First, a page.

P.S. When you go to the Swan’s Island Company website, check out what schooner is the setting for some of the photos! And,yes, the model and the yarn are pretty too.
P.P.S. Our next two knitting cruises are June 19 to 22 and August 31 to September 5. You should come!
Recycling used clothing has to be among one of the most satisfying ways to spend a cold Sunday afternoon (other than watching the Patriots win the Super Bowl – GO Pats!) Easy, frugal, fun and useful all at the same time, this sweater became a pair of hand warmers for Ella, a mini-skirt for Chloe and a cowl for me. Now the rule is that no one can wear their item on the same day. Fair enough.
In the winter time when the temperature drops, the air inside the house gets dry and my hair begins to stand up on it’s own from the static electricity, my skin also gets dry. After trying lotions and potions, some expensive, some not, my mom gave me a salt and oil scrub as a gift one year. I was hooked. Yet a jar of sea salt scrub costs over $10 per jar and lasts a month or less. Being a homemade sort of girl, I wondered if I could make it at home and have it be just as wonderful. And I can.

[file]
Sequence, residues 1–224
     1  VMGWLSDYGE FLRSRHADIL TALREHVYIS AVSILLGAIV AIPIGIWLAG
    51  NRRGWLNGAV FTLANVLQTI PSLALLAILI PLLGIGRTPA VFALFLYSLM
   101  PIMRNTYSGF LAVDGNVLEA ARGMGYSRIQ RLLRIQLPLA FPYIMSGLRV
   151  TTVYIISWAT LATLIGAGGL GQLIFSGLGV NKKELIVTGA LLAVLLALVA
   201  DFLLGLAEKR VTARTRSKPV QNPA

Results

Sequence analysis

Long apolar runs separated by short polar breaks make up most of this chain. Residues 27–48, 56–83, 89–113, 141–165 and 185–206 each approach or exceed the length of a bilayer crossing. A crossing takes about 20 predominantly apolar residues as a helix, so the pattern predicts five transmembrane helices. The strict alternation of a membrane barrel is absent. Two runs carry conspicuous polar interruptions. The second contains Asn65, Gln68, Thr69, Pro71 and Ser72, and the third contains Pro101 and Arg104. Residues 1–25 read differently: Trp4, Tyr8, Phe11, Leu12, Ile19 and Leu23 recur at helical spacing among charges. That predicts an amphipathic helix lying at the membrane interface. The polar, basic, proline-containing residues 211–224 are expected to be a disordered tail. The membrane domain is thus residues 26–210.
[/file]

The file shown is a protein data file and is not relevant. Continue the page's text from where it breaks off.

Homemade Salt Scrub
1 wide mouth jar that you can reach your fingers into to scoop
sea salt, medium grind not fine
canola oil, jojoba oil or almond oil
My favorite scent combinations are:
Lemon and Lavender
Rosemary and Orange
Fir Needle and Lemon
Rosemary and Lavender
Pour sea salt into the jar until it is 1/2-inch from the top of the jar. Add the oil in batches until it has completely soaked in and then add 10 drops each of the scents of your preference. Cover with a secure lid. This will last as long as the oil does, so more perishable oils like almond oil will maybe last a month or two where as canola oil will last much longer. However, if you like using this scrub as much as I do, it won’t even last a month before you are making more.